BY MATT WOOSNAM
Roy Hodgson conceded that his Crystal Palace side were slightly fortunate to take all three points over Leicester at Selhurst Park after Vicente Guaita’s late save from Jamie Vardy.
The Eagles earned back-to-back home victories thanks to Luka Milivojevic’s thumping first-half goal, but they had their goalkeeper to thank for preventing an equaliser as the Foxes piled on second-half pressure.
The Spaniard, making his first Premier League appearance, tipped Vardy’s poked effort onto the post and gratefully clutched the rebound to his chest to preserve all three points.
Hodgson said: “It was good to get another clean sheet because we lost the goalkeeper [Wayne Hennessey] which we didn’t know until yesterday [Friday] so Guaita, who had a very good game, was thrust in last minute and didn’t have much preparation.
“Of course we lost [James] Tomkins, [Wilfried] Zaha and Cheikhou Kouyate, who had an excellent first half, so we really had to dig in in that final 30 minutes to make certain that we did keep the clean sheet. All credit not only to the goalkeeper but the back four for doing that.
“I’ve been to quite a lot of press conferences and you guys have told me that we were unlucky, that our football was good and with a bit more luck we would have gotten a better result. Today, for the first time I can give credence to that adage that good and back luck even themselves out because we were lucky not to concede the equaliser.
“Vicente made a good save because I know Jamie from when we were together at England and when he is played in that close to goal, I was expecting the ball to hit the back of the net. The good fortune was that the keeper got a hand to it and that it came back into his arms.”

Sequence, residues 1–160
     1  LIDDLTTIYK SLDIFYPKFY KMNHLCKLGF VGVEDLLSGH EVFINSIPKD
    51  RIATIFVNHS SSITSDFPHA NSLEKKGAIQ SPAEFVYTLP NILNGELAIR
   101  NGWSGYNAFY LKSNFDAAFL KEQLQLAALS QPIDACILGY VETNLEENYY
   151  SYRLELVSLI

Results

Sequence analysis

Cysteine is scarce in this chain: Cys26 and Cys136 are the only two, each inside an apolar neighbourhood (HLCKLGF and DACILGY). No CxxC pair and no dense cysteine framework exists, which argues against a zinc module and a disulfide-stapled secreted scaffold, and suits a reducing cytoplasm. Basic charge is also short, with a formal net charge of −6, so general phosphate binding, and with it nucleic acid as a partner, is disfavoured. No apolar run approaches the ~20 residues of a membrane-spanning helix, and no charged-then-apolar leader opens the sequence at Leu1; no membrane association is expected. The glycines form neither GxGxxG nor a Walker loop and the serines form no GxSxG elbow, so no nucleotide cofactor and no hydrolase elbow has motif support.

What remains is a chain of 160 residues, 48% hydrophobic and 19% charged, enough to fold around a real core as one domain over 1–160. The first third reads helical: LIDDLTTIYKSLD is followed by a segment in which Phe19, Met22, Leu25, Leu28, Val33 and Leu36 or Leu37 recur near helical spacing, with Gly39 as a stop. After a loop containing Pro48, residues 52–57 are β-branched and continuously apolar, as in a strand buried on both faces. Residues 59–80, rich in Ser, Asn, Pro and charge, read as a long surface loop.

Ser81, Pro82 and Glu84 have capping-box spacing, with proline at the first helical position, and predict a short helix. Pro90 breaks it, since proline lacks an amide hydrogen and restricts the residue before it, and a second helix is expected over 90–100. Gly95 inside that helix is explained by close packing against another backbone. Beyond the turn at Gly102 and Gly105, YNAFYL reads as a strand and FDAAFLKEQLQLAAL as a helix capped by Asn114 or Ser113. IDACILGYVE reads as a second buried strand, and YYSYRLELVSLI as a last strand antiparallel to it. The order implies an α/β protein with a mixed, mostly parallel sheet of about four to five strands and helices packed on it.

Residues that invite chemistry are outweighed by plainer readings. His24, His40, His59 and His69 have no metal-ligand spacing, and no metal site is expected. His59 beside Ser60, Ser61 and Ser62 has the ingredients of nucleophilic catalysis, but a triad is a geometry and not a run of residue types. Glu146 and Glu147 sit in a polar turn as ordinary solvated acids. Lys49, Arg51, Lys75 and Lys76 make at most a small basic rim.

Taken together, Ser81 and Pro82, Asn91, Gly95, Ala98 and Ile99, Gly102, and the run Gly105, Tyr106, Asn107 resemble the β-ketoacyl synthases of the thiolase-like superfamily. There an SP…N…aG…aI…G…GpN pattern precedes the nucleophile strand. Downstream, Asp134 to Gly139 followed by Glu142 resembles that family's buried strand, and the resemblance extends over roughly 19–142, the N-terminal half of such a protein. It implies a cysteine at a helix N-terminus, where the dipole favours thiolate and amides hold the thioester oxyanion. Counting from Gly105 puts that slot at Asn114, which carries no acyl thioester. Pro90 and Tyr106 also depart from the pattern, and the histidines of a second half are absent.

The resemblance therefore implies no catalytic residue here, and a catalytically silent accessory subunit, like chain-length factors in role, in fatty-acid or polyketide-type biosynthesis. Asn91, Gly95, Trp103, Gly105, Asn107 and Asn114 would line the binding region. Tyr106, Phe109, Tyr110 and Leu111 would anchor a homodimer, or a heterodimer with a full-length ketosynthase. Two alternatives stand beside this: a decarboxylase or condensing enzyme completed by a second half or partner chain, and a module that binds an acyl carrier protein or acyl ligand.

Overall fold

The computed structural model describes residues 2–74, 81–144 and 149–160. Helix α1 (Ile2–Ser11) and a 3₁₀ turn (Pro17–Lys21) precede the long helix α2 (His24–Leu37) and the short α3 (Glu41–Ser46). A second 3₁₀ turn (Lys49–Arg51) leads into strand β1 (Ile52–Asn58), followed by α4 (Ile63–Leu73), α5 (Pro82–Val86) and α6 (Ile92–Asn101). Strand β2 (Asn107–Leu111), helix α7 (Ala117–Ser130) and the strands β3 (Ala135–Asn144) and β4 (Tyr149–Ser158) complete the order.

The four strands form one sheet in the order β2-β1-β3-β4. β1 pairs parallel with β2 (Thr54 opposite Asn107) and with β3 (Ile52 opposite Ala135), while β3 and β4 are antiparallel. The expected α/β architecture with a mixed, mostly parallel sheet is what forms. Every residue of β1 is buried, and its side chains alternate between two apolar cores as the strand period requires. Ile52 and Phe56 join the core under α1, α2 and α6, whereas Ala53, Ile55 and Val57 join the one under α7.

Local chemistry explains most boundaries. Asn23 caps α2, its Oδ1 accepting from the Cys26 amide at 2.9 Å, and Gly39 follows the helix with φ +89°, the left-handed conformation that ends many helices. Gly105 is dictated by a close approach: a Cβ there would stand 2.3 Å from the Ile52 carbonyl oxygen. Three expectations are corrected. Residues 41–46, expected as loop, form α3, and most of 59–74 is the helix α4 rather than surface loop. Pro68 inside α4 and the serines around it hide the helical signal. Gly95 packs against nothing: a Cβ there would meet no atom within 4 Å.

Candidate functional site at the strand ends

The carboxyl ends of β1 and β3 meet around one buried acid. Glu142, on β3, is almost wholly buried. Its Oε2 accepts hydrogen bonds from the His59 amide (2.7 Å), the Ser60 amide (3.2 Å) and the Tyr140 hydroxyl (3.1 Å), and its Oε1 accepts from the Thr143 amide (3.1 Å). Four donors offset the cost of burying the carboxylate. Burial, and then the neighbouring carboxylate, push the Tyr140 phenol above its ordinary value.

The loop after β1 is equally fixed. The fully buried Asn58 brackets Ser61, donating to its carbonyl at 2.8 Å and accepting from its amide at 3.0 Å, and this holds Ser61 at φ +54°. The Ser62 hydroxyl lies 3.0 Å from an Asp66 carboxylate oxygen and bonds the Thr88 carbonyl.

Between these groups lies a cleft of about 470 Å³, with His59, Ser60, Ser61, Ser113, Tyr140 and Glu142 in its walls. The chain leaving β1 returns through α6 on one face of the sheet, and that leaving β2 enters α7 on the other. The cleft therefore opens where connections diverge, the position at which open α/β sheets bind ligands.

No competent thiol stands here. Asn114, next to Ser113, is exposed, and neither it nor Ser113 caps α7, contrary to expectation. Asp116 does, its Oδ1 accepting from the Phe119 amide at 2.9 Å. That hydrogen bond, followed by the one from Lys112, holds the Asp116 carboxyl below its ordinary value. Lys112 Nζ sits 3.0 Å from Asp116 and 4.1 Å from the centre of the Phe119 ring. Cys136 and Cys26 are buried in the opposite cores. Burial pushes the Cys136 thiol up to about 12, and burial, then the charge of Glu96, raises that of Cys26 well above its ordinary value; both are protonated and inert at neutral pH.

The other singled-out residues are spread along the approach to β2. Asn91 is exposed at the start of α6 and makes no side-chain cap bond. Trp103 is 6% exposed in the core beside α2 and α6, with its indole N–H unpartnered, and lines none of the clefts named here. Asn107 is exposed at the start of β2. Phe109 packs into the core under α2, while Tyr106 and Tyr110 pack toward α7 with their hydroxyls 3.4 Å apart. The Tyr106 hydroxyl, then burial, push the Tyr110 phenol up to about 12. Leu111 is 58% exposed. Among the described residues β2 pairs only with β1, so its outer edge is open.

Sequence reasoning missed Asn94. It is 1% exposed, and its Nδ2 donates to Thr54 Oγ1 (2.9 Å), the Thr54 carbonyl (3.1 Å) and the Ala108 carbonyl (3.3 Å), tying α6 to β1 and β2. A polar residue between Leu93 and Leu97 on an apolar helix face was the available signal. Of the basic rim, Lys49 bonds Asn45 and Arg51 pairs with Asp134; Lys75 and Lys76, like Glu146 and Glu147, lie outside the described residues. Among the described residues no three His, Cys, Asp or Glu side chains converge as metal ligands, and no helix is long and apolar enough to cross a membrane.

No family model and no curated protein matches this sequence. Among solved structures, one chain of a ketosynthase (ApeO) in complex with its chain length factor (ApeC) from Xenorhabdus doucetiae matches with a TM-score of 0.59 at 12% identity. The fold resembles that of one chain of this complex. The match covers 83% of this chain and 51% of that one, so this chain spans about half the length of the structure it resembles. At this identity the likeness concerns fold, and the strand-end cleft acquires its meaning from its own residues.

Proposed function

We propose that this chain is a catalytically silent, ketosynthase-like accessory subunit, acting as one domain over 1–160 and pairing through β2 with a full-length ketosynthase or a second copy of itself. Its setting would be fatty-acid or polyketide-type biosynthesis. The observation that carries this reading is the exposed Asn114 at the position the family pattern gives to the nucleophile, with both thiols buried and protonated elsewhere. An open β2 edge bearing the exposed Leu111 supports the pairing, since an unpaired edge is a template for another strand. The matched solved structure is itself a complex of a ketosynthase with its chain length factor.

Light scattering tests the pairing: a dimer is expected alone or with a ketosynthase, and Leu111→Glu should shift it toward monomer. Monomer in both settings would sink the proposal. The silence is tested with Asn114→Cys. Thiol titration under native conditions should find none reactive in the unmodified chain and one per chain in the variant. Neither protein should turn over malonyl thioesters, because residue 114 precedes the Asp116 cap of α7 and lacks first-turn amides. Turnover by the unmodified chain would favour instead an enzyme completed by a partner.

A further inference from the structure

Palace won without Zaha, who was absent through suspension alongside Tomkins, for the first time in over two years.
Hodgson was relieved to be able to put that statistic aside.
“It was a fact, but like all facts there’s often a story behind them. There’s been a lot of occasions that we’ve done more than enough to win games when he’s not playing, and we’ve played very well without him, but if it then turns out that good performance was a draw or an unfortunate defeat, the stark fact remains that we played, he didn’t and we lost.
“It’s nice we’ve managed to put that one to bed, but to be honest it’s something that’s got people talking and writing more than it’s actually got us thinking too much about it because we’ve always known this day would come. It’ll be nice that there will be a different press conference next Friday, or maybe not because it will still be Wilf dominated because people will be telling me that we can win without him.”
The game was far from free-flowing, possession-dominated, stylish, entertaining football, but the Eagles’ boss was not concerned about the manner in which his side earned all three points.
“It was never going to be a pretty game because it was never going to be an open game. It was a spectacular goal that won it for us, and I was rather hoping in the second half as they threw more front players on to the field as they have quite a lot of riches on the bench, that we would get the break that would see us score the second, but we ran into Maguire and Morgan who produced some exceptional individual defending at times.
“It’s a result that we have to be more than satisfied with. Results that you get when your back is against the wall and the thought of not getting the result pushes you into an area that you don’t want to be in, you have to be more than satisfied with.
“The important thing is we’re sitting here with three points in the bag, otherwise we would have found ourselves going into the next two games with far too few points.”
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